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|Year : 2022
: 15 | Issue : 2 | Page
|Choosing an appropriate size valve for transcatheter pulmonary valve implantation in a native right ventricle outflow tract
Muthukumaran C Sivaprakasam1, J Raja Vijendra Reddy1, Rajaguru Ganesan1, Anuradha Sridhar1, Neville Solomon2, Musth Janeel Moosa2, Zeeshan Sakina Lakhani2, Sengottuvelu Gunasekaran1
1 Department of Pediatric Cardiology, Apollo Children's Hospital, Chennai, Tamil Nadu, India
2 Department of Cardiothoracic Surgery, Apollo Children's Hospital, Chennai, Tamil Nadu, India
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|Date of Submission||09-Apr-2021|
|Date of Decision||18-Jun-2021|
|Date of Acceptance||23-Aug-2021|
|Date of Web Publication||19-Aug-2022|
| Abstract|| |
Introduction: Transcatheter pulmonary valve implantation has been an effective treatment for dysfuntional right ventricular tract outflow tract (RVOT). Defining a landing zone before the intervention is crucial in patients with native RVOT. Improper sizing and undefined landing zone will lead to embolization. Methods: It is a retrospective observational study from August 2020 to December 2020 in native RVOT. Three patients who had significant Right ventricle dilatation were analyzed. The multi-slice computed tomography (MSCT) with magnetic resonance imaging and angiography data of all patients before the procedure were analyzed. All patients underwent an angiogram in the same sitting, before the procedure to assess the landing zone, valve diameter as well as the risk for coronary compression. We chose a valve based on valve area 23%–25% more than the area at the waist during balloon sizing. Results: All three patients underwent successful valve implantation. Valve sizes used were 27.5 mm in one and 32 mm in the other two. The mean RVOT gradient postprocedure was 11.5 mm Hg and pre procedure was 43 mmHg. There were no complications during the procedure or at a mean follow-up of 3.6 months. Conclusion: The balloon sizing gives the true narrowest diameter in comparison with MSCT, and increasing this area by 23%–25% will give the appropriate valve size for successful implantation.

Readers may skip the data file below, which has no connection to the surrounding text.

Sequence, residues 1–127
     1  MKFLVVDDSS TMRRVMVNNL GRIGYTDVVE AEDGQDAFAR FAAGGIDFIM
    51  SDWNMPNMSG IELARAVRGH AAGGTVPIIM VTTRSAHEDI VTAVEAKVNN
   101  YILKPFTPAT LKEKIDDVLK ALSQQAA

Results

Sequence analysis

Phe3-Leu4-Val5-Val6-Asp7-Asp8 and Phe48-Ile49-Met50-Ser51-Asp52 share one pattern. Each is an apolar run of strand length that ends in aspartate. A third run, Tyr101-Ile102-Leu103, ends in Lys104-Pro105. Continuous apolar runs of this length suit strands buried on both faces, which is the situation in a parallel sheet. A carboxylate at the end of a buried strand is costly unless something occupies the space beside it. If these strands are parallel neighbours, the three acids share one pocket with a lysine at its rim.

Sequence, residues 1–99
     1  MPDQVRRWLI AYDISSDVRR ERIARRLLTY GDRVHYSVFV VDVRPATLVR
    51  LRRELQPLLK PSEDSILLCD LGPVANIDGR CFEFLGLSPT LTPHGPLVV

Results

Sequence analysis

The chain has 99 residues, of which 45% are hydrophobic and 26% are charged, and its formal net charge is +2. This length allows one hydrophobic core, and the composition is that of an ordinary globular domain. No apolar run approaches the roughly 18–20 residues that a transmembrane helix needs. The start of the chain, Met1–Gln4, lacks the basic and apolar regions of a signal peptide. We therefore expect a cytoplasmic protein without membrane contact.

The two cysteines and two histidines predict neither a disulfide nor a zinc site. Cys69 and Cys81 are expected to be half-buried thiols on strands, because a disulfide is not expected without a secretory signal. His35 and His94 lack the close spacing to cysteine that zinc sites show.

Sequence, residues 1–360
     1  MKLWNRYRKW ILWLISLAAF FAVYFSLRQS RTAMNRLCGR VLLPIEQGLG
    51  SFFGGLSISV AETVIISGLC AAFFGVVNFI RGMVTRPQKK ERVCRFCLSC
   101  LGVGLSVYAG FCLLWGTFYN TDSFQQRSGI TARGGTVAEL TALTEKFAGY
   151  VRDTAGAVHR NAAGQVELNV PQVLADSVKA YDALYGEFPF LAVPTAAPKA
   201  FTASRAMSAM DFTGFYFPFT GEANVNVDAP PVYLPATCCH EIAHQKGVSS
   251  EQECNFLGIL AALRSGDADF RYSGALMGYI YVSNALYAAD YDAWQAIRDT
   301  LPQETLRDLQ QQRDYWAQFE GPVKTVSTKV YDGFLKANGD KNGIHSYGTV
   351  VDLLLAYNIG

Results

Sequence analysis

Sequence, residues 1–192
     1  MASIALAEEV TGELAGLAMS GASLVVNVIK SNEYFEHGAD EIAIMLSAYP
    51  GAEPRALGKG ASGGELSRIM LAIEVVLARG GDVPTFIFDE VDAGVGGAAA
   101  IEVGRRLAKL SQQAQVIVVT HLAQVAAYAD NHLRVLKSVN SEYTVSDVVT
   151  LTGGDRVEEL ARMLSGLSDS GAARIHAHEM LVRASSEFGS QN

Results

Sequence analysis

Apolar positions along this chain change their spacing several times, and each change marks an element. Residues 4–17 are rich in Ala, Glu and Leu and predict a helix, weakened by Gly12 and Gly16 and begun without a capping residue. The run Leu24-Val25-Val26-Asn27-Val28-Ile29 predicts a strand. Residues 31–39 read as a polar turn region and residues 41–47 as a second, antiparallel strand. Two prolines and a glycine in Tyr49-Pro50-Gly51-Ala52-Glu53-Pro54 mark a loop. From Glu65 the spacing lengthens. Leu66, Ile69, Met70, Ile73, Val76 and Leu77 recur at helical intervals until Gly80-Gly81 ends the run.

Keywords: Congential heart disease, adults, percutaneous intervention, pulmonary valve disease, structural heart disease intervention, transcatheter valve implantation
|How to cite this article:|
Sivaprakasam MC, Reddy J R, Ganesan R, Sridhar A, Solomon N, Moosa MJ, Lakhani ZS, Gunasekaran S. Choosing an appropriate size valve for transcatheter pulmonary valve implantation in a native right ventricle outflow tract. Ann Pediatr Card 2022;15:154-9
|How to cite this URL:|
Sivaprakasam MC, Reddy J R, Ganesan R, Sridhar A, Solomon N, Moosa MJ, Lakhani ZS, Gunasekaran S. Choosing an appropriate size valve for transcatheter pulmonary valve implantation in a native right ventricle outflow tract. Ann Pediatr Card [serial online] 2022 [cited 2022 Sep 25];15:154-9. Available from: https://www.annalspc.com/text.asp?2022/15/2/154/354059
| Introduction|| |
Transcatheter pulmonary valve (PV) implantation (TPVI) has been proven to be an effective treatment option for dysfunctional native right ventricular tract outflow tract (RVOT)., Since the first report in 2000, several case series have been published using the Melody® (Medtronic Minneapolis, MN, USA) and the Sapien® S3 (Edwards Lifesciences, Irvine, CA).,
In most of the case series, prestenting was done in patients who require valve implantation to create a reliable and solid landing zone., Recently, publications showed good results with TPVI in native RVOT.,, The Sapien® S3 valve was used and the largest available valve was 29 mm. A 29 mm valve becomes unsuitable for hugely dilated RVOT (most common). We reported the first TPVI using Myval® in a pulmonic position with prestenting. Recently, Myval® (Meril Life sciences, Surat, India) transcatheter heart valves (THV) introduced 30.5 and 32 mm valve sizes. As there is a large spectrum of valve sizes available, we preferred them in dilated RVOT. We report our experience with three successful TPVI in the native pulmonary artery.
| Methods|| |
Study design and patient population
It is a retrospective study. Three patients who had primary ICR for TOF were included from August 2020 to December 2020 [Table 1]. The symptoms of patients, magnetic resonance imaging (MRI) right ventricle (RV) volume, and PR were in favor of TPVI. Informed written consent was obtained from all the patients.